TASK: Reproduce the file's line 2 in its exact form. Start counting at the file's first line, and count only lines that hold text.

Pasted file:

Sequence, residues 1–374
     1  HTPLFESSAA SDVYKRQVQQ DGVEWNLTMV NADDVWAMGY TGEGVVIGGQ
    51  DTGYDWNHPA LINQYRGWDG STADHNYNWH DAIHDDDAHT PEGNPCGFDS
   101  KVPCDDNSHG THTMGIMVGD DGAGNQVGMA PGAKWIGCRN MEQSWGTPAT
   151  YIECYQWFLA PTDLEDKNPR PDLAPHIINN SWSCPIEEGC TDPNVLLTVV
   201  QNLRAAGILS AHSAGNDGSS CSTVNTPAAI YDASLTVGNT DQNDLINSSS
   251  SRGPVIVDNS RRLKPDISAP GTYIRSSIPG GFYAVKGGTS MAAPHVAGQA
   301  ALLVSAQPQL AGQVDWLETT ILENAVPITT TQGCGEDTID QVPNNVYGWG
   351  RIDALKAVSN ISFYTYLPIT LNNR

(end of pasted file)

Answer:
     1  HTPLFESSAA SDVYKRQVQQ DGVEWNLTMV NADDVWAMGY TGEGVVIGGQ